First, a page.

Carbon footprint a big challenge
CLIMATE CHANGE Technological improvements continue to help the energy intensive sector reduce greenhouse emissions, writes Rebecca Weisser
THE imperative to reduce greenhouse gas emissions is a major challenge for the global steel industry. Carbon is an essential ingredient in the chemical process of making steel and greenhouse gas emissions are an unavoidable waste product.
The global steel industry is working cooperatively on radical carbon dioxide reduction technology but breakthrough technology using a reductant other than carbon to make steel and thereby produce steel with zero carbon dioxide emissions is years if not decades away.
According to the Australian Steel Institute, the energy and greenhouse gas intensity of steel production has decreased by an estimated 40 per cent in the past quarter century through technological improvements and introduction of continuous casting. Nonetheless steel production is still highly energy intensive with energy representing up to 40 per cent of the cost of steel production.
After consultation with industry, the federal Government has committed to developing a national emissions trading scheme but both Australia’s steelmakers, Bluescope and OneSteel, have expressed similar concerns.
In a submission to the Government, Bluescope noted that ‘‘ any emissions trading scheme potentially compromises the competitiveness of Australia’s steel industry’’ and that ‘‘ this will likely lead to increasing imports of steel products from non- carbon constrained countries, and drive future investment in steelmaking offshore.’’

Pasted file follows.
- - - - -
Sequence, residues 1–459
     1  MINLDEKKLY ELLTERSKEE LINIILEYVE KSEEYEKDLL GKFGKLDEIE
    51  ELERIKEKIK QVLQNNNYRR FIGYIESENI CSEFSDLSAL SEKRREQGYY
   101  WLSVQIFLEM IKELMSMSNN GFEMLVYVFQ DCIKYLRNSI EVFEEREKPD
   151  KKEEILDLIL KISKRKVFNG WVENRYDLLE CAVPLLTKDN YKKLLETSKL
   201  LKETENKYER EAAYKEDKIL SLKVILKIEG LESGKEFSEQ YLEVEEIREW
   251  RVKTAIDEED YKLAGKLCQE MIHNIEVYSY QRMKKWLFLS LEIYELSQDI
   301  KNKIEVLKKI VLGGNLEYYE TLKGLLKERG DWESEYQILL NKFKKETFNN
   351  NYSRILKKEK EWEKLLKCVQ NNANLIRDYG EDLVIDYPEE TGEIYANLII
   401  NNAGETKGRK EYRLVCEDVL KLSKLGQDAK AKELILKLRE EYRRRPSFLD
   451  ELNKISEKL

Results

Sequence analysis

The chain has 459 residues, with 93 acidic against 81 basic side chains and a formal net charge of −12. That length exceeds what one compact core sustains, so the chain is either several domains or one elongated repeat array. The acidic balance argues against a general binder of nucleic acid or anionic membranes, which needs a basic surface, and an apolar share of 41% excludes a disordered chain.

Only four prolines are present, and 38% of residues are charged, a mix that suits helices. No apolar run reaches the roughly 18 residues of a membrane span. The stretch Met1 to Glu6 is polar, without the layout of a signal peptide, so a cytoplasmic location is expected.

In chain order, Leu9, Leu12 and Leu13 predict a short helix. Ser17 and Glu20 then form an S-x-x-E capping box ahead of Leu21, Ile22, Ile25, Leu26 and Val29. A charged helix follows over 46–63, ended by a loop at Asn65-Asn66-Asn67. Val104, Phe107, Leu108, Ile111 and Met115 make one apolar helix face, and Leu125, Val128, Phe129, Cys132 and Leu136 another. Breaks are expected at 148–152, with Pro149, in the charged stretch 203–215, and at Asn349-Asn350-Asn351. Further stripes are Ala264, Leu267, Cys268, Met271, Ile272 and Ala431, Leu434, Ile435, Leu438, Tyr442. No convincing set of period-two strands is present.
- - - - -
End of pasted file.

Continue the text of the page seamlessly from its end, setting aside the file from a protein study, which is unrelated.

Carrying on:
OneSteel noted the Australia competed with ‘‘ a number of developing economies that are subject to less stringent greenhouse constraints’’ and that ‘‘ a discrepancy in greenhouse gas policy would place the Australian iron and steel industry at a significant disadvantage relative to its international competitors’’ which could lead to a migration of production to countries with no greenhouse gas emissions constraints and an increase in greenhouse gas emissions per tonne of steel made.
Bluescope also wrote that if the Government decided to proceed with a stand- alone emissions trading scheme ‘‘ then a fundamental design feature must be compensation by the free allocation of long- term permits to energy intensive and trade- exposed emitters such as BlueScope Steel.’’
A major initiative of the Australian Government in developing an international response to climate change has been to create the Asia- Pacific Partnership on Clean Development and Climate or AP6 which brings together Australia, the US, China, India, Japan and the Republic of Korea. AP6 Partner countries account for 57 per cent of the global production of crude steel and this is expected to increase with the rapid economic development of China and India.
The AP6 Steel Task Force has developed a number of objectives to respond to the challenge of reducing greenhouse gas emissions. The first is to develop relevant benchmark and performance indicators for member countries. The key mechanism to reduce greenhouse gas emissions will be through the development and transfer of best practice steel technologies which will reduce energy usage, air pollution and carbon dioxide emissions from steel production.